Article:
In general, I would say that hospitals are really good, and they’ve been great with us every time we had to go, to the emergency rooms or to the huisartsenpost.

On a different subject, because the country is relatively small, and they, historically, did not have much farm land, they have grown to be very trade orientated. I think it is how they survived, by trading with other countries, using the sea or the roads. And I believe it is the reason why people still travel a lot – Spain, Austria, France, Germany, many people travel often! – and probably one reason why they learn other languages so amazingly fast…

The reconstruction of the Dutch East Indiaman Batavia on the Bataviawerf in Lelystad, Netherlands. The original Batavia was built in Amsterdam in 1628, see en.wikipedia.org/wiki/Batavia_(ship), source: Jens Auer, flickr
The reconstruction of the Dutch East Indiaman Batavia on the Bataviawerf in Lelystad, Netherlands. The original Batavia was built in Amsterdam in 1628, see en.wikipedia.org/wiki/Batavia_(ship), source: Jens Auer, flickr

The nature and weather

Oh the Dutch weather! The wind, the rain and the long winters 🙂 I actually love some of that.

The proximity to the sea. It is very close to go for the day or the afternoon, and it brings wind, rain and ever-changing weather. You could think a weather that changes in one hour could be tiresome (well when it’s sunny and it suddenly rains while you’re on the bike…) but it also means that when the weather is bad, you just have to wait for a bit and it will get better again… In reaction, many websites are available to give short-term weather forecast.

Lots of wind also means not much stagnant air pollution in the city, and you have fresh air! With the rain, and the northern location, when the sun is out it is gorgeous… Gold and light, the sun reflecting on the canals, and a breeze of fresh air 😉

Source: elrentaplats, flickr
Source: elrentaplats, flickr
Source: Paul Edward Joseph Graham, flickr
Source: Paul Edward Joseph Graham, flickr

There are also lots of parks in the city! And with all these parks, it turns out that there are quite a lot of birds – some quite exotic, like the rose-ringed parakeet, but also ones not-so-exotic though rarely seen in France, like herons. It’s great to see one standing on top of a boat on the side of a canal or even waiting for fish on Albert Cuypmarkt!

Herons waiting on top of a stand, Albert Cuypmarkt, source: Peer, flickr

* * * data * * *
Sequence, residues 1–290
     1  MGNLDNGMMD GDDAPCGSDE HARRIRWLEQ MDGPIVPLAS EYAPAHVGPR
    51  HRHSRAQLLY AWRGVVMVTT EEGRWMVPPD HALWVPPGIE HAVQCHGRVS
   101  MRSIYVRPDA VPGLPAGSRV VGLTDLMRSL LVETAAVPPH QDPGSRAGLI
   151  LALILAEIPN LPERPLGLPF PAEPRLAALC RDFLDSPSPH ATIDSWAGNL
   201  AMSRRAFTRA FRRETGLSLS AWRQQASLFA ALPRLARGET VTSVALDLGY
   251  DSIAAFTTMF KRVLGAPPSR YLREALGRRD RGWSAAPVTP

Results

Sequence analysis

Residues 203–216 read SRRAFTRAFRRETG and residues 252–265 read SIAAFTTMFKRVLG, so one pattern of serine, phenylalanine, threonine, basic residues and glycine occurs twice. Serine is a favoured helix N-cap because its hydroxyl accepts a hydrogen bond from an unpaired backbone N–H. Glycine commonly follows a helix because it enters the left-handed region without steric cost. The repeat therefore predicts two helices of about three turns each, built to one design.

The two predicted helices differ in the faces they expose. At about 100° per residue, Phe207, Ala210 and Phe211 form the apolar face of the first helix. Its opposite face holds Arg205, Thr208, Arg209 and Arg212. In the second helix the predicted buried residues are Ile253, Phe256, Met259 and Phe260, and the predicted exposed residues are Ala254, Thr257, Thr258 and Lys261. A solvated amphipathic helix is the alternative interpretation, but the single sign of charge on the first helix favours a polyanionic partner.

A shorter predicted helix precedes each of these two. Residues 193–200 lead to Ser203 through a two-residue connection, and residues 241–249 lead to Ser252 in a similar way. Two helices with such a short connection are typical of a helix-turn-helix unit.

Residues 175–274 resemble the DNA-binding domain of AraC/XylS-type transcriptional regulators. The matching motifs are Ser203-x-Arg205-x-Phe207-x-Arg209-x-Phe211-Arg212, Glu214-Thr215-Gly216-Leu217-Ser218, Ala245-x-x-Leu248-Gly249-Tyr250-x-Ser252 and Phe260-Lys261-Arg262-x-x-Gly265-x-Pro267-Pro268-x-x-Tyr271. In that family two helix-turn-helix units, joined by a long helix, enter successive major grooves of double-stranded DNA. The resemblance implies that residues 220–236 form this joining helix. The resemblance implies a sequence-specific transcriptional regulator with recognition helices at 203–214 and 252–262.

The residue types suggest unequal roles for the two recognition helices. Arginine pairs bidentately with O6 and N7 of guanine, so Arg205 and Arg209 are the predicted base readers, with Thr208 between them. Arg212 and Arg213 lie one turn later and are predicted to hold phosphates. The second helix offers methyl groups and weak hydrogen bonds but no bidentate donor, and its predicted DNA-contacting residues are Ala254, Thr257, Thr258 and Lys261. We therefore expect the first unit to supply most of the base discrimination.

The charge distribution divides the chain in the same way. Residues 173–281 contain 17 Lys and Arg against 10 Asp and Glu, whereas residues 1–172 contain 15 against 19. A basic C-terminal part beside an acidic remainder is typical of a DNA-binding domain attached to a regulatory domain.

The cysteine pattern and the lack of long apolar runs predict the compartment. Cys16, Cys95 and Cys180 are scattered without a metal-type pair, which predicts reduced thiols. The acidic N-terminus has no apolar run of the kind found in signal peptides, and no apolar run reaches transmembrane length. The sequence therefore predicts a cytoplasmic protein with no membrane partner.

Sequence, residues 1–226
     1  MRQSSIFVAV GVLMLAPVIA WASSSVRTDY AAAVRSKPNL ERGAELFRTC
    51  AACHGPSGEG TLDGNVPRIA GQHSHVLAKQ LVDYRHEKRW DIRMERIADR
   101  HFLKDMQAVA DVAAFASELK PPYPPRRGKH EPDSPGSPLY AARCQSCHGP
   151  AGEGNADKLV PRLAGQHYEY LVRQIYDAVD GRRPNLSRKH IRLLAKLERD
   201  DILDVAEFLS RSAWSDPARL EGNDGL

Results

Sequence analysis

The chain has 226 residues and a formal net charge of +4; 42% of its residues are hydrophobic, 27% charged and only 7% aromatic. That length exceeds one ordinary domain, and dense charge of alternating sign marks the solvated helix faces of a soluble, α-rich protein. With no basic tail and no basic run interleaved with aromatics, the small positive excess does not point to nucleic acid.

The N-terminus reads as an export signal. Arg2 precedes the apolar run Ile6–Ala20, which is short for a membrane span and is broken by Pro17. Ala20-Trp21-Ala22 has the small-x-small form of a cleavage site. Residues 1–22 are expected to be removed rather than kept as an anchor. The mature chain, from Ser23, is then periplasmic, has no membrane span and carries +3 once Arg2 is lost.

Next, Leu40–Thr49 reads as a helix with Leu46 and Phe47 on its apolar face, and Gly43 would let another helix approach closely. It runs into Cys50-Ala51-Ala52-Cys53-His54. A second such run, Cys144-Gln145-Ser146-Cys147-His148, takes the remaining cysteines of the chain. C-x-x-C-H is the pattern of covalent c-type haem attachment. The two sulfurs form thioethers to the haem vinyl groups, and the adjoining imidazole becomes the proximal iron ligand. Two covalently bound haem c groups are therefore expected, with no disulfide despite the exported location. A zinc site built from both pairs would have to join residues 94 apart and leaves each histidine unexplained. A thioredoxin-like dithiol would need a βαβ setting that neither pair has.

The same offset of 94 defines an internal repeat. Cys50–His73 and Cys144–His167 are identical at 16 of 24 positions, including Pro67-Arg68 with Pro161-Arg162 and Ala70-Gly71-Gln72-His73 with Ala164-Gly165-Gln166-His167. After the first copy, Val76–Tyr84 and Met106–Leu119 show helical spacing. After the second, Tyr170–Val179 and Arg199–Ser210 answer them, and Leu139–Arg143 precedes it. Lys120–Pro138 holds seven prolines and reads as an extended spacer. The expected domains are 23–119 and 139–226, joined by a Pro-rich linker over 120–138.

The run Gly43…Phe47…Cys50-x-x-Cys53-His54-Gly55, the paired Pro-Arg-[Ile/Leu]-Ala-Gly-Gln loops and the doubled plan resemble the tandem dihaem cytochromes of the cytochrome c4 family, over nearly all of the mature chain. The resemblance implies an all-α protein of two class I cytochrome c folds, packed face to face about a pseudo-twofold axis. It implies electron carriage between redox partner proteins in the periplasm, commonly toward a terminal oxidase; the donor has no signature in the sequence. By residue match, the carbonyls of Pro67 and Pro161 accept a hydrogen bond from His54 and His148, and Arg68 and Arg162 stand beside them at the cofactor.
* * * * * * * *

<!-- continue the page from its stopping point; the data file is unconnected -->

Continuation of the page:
Herons waiting on top of a stand, Albert Cuypmarkt, source: Peer, flickr
Source: RG1033, flickr
Source: RG1033, flickr
Heron standing on the hook of a house in Albert Cuypstraat, Amsterdam, source: Peer, flickr
Heron standing on the hook of a house in Albert Cuypstraat, Amsterdam, source: Peer, flickr

A new adventure: What I love about Amsterdam and the Netherlands (1/5)

That’s it! We’ve made the choice and we are moving out of Amsterdam!! To the UK! And with that choice recently made, I find myself a bit teary… We have lived in this city for so many years! We have so many memories, so many places we’ve been to, so many to go still! Slowly this list started building in my mind. What we are going to leave behind us, without really knowing what we will find – some things will be similar, some things different, some may be better, and some might not be, or not for us…

So, here is the *long* list of what I have loved and do love about Amsterdam and the Netherlands…

I will publish five articles on the subject – to make it easier to read and to make it last as we are going to busy in the coming weeks!

  1. Article 1 is about:
    • The freedom I associate with living in Amsterdam,
    • The healthy lifestyle,
    • The atmosphere.
  2. Article 2 will cover:
    • The people and the culture,
    • The nature and weather.
  3. Article 3 will contain:
    • What there is for children and mums/dads,
    • The advantages of a small-sized capital.
  4. Article 4 will cover what I love in the Netherlands more generally
  5. And article 5 will be about:
    • My personal link to Amsterdam and the Netherlands
    • And the conclusion to the series of articles 🙂
Amsterdam - source: Daniel Foster, flickr